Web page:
A Personal History of the British Records Business #16 part 1

The Hound is delighted to post, for our readers delectation,  the first instalment by EMI’s very own David Hughes MBE A Personal History of the British Record Business.

Wayne Bickerton – #16 – part 1  

First posted on vinyl memories December 10, 2015

I really needed a strong nudge to resume these unpublished interviews after such good intentions ….The death of Wayne Bickerton was the biggest nudge I could have received. Wayne, a scouser and one of the gentlest and least ego-struck music business folk I ever met, was head of A&R at Polydor when I joined in the 1972 as the company’s press officer. I think we got on well – certainly we never fell out over anything – and his signing of Billy Connolly was a hard fought masterstroke. This interview dates from around 1999. – David Hughes

Wayne Bickerton

What was your first exposure to music?

I was in Liverpool groups in the late 50’s/early 60’s. I was in the first Liverpool group to come to London, (Steve Bennett &) The Syndicate. Eventually I joined a band called Lee Curtis and the Allstars.. I was bass player and vocals and for two years we were probably the most popular band in the North West, according to Merseybeat. We made records for Decca. That was my introduction to Decca Records where I ended up working when I came back from The States.

How did the group get that recording contract?

It was the Liverpool thing, the same time as The Beatles. Every A&R man was running around Liverpool trying to find the next Beatles and we ended up being signed to Decca. Peter Sullivan was our A&R guy and he came to Liverpool. It was also the first time I met (Tremeloes etc., manager) Peter Walsh. The band was managed by a guy who wasn’t going to let anyone encroach on his patch. That was the first taste I had of the record industry and I was fascinated, the studios and all the rest of it. We recorded in London, but with Pete Best we had previously recorded with Joe Meek. God knows what happened to those recordings. We were dotted around his house – someone was in the toilets – the usual thing with Joe. The band unfortunately never quite made it. Pete Best joined having left The Beatles and we then left Lee Curtis and formed a group called the Pete Best Five (actually Four!) which also recorded for Decca. We had a wonderful record called I’m Gonna Knock on Your Door which did absolutely nothing – the cover of an American record.

Wayne is third right below..and Pete’s mum was the manager!

Did being billed “Decca Recording Artists” help the bookings?

It did, yes, and we had all those little Decca handout postcard pictures, provided by the Decca press officer.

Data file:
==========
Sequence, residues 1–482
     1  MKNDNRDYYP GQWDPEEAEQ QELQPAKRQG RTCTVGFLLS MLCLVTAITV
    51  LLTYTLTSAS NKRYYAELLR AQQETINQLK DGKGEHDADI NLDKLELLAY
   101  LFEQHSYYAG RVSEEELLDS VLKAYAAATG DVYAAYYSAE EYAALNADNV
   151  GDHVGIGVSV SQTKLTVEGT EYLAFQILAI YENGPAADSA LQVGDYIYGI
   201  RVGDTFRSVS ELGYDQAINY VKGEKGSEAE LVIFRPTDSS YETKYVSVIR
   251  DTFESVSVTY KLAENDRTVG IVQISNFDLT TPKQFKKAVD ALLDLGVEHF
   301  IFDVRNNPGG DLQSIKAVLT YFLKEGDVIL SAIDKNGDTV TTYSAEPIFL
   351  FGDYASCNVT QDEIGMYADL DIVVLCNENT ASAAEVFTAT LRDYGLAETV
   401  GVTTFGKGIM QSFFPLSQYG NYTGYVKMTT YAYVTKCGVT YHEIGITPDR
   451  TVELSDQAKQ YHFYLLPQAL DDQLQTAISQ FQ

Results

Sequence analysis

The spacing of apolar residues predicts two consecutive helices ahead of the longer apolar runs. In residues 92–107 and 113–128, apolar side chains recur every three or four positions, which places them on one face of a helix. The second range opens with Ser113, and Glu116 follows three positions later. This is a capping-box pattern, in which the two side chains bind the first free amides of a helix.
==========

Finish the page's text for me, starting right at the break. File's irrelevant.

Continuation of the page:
Did you have dealing with the press office?

Yes – Brian Gibson, a great guy. So I went through all that Liverpool scene, did all the things with Pete Best..we eventually ended up in America. We made the recordings that were subsequently released to hang on the coat-tails of The (Beatles) Anthology series.

They weren’t released earlier?

No, they were bootlegged extensively across the world. We were the last people to receive a royalty; in fact it’s only recently I’ve seen anything from those recordings which I have to say were highly embarrassing – they’re atrocious. We did about an album’s worth. We came back (from America) eventually, reopened the Cavern and met the Prime Minister, Harold Wilson. I loved New York, one of my favourite cities. We were a Beatles link. These guys had a so-called marketing plan so we were flown across to New York with The Undertakers and played at places like The Peppermint Lounge. One day these guys stepped up; they were from the Immigration Department and said ‘OK, you’ve been here for 9-10 months as tourists, you’re going to have to deal or leave.’ The deal essentially was that they would put us down for a Green Card. ‘What does that mean’, we asked. ‘If you’re down for a Green Card you have to do things like the rest of the American people are doing, and what we’d like you to do is to volunteer to play for the troops.’ So it was ‘Good Morning Vietnam’ – I was up for it, Tony Waddington was up for it, but Pete wasn’t and neither were a couple of the guys, so we left for Canada, did a tour with Roy Orbison and then came home. I had basically become disillusioned with the band.

Were you doing all this under the auspices of a manager?

Basically through Pete Best’s mother! The problem with bands is that it’s the most undemocratic platform you can ever be involved in – your life’s not your own; other people do things and make commitments and you find yourself somewhere you don’t want to be. So I’d had enough. I decided I wanted to get on the other side of the industry. I got the taste of being a producer. (In New York) I loved being in the studio; it was a great experience, ending up on a demo session with Charlie and Inez Foxx, meeting heroes like Luther Dixon who wrote The Shirelles’ hits. James Brown’s band used it a lot, and great drummers like James Purdie. It all rubbed off and I got a taste for it.